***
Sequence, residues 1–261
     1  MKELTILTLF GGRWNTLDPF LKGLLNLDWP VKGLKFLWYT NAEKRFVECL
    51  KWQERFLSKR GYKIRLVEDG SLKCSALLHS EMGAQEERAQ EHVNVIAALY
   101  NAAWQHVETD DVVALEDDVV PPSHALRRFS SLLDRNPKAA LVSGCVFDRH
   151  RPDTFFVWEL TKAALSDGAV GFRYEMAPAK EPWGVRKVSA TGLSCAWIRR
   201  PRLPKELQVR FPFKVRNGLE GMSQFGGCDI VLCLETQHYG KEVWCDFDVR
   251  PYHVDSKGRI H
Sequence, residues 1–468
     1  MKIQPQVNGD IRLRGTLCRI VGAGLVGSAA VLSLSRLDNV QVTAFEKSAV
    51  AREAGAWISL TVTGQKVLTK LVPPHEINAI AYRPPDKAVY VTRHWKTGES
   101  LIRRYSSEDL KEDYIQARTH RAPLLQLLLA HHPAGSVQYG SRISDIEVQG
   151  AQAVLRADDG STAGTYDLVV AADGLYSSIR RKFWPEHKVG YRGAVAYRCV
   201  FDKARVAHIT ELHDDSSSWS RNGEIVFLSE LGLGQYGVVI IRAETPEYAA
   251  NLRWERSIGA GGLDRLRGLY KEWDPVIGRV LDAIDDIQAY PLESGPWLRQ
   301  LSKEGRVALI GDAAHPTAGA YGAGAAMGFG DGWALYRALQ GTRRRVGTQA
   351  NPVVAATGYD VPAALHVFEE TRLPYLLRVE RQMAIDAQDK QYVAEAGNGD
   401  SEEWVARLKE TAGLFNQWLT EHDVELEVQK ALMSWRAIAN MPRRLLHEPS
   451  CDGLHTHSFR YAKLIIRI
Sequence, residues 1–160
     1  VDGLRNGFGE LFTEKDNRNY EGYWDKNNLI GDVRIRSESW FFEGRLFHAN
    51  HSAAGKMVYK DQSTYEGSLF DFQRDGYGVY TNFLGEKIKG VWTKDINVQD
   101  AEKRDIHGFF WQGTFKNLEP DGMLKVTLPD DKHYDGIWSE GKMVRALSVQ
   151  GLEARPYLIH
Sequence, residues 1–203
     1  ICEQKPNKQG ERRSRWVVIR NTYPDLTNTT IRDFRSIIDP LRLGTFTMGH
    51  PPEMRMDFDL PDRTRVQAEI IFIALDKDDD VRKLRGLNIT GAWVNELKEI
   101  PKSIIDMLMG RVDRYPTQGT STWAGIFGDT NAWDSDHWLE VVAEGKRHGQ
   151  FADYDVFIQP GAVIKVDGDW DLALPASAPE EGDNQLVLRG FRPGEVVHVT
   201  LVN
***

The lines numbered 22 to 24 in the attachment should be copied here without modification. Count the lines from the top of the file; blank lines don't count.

   101  AEKRDIHGFF WQGTFKNLEP DGMLKVTLPD DKHYDGIWSE GKMVRALSVQ
   151  GLEARPYLIH
Sequence, residues 1–203